Posted by: Edo on March 6, 2006 at 4:35 PM | PERMALINK

It seems like whenever this is pointed out, it is spun in the worst way possible. I support federal anti-poverty programs & would gladly pay more intaxes for even larger, more cohesive ones. But any system designed to alleviate poverty, that doesen't recognize the part the destitute's own personal choices play in their economic status is a hollow & incomplete one.

We work off the "New Deal" paradigm of povert relief. A working class guy with a wife and kids to support, loses his job, can't find work and is out on his luck. The government will catch him when he falls and support him until he gets back onto his feet again.

The problem that afflicts the poor, and by that I mean the really destitute in this country, is that they lack the life skills, priorities, organization & institutions (Church/Family) that even the working class in this country take for granted.

When the Federal Govt. was giving money to Katrina evacuees, and reports surfaced that these destitute people were using their debit cards to buy lap dances and 800 dollar handbags, the right wing talk heroes snickered and tried to make liberals feel embarassed. But this wasn't something to be embarassed about, this was something to be sad about. This was evidence of how an abandoned class of destitute people are caught in a poverty trap and don't have the means to escape it.

The Right always says that as the Government lessens it's role, the cultural institutions will become stronger & better run. Well these people have been left to their own by the Govt. their whole lives & they're no better off for it.

Posted by: Dustin Ridgeway on March 6, 2006 at 4:37 PM | PERMALINK

why would you guess that?

Because she's rich! Rich people are smart, poor people are dumb, duh!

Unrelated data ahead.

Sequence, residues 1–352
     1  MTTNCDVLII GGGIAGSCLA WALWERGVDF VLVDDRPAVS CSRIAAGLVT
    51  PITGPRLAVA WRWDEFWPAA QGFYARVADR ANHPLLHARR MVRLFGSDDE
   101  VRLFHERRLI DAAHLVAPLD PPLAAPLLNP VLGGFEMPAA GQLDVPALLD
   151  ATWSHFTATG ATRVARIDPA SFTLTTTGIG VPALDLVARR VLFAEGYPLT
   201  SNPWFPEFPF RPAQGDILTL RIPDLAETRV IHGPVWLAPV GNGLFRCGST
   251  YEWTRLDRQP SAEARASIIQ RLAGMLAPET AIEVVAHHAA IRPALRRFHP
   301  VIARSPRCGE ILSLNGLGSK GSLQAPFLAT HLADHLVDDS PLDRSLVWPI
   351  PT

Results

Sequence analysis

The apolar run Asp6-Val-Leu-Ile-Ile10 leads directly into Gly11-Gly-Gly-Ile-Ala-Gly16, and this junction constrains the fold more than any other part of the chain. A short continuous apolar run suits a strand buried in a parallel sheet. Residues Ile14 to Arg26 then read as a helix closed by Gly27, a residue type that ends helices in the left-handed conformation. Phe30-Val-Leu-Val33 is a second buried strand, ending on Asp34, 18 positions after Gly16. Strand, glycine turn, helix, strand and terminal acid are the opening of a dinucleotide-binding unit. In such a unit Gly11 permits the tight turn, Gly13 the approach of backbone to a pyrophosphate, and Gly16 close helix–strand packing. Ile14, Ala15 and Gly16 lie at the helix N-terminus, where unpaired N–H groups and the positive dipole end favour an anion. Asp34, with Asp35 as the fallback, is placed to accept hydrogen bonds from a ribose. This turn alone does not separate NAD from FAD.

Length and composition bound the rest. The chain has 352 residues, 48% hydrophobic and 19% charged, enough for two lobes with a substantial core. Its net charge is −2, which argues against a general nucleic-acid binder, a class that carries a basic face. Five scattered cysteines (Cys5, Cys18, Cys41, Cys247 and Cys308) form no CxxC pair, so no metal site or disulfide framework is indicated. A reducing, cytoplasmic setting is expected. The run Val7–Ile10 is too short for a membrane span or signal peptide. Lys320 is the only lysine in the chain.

Posted by: Calvinist Fighter on March 6, 2006 at 4:37 PM | PERMALINK

"Because the poor don't dress right, talk right, look right, read the right things and know how to talk to the right people, or have those vital connections most of us here have always taken for granted provided to them, poverty becomes a vicious cycle of deprivation."

Is it still deprivation if there's an active effort to reject these opportunities?

Posted by: Freedom Fighter on March 6, 2006 at 4:37 PM | PERMALINK

I wonder if Kevin even read Will's essay.

Poverty today is strongly correlated with single parent families, primarily those headed by women; any attempt at reducing poverty in the future will have to find a way to address this fact. Since I blame past governmental policies for largely causing the problem in the first place, it will take a lot to convince me that government really has an answer.

I know it was denigrated in many of the comments above, but it really is true that you can avoid poverty by staying in high school, don't have children before the age of 20, and be married when you do have children. This is true even of children that grew up in poverty and in broken homes. The question is how to get more of the children, living in such conditions today, to follow these guidelines, and the truth is that I have no idea what a proactive policy might be, but I know that what we have done for the last 40 years has made the problem more intractable, not less.

Posted by: Yancey Ward on March 6, 2006 at 4:39 PM | PERMALINK

He's a gradute of Yale and Harvard, and a fighter jet pilot. I wonder how many posting at this blog is capable of that...

If I had the chance to slack my way through Yale, Harvard, and the TANG, yeah, I'd betcha I could.

Posted by: Dustbin Of History on March 6, 2006 at 4:40 PM | PERMALINK
He's basically saying the obvious, which is that if you smell like a sewer, repeatedly don't show up to work on time, don't actually do any work when you're clocked in, &c., people will be reluctant to hire you.

No, he's not. While that statement would be uncontroversial, he's reversing the correlation to say that if you are poor, it is most likely because people were reluctant to hire you because you smelled like a sewer, &c.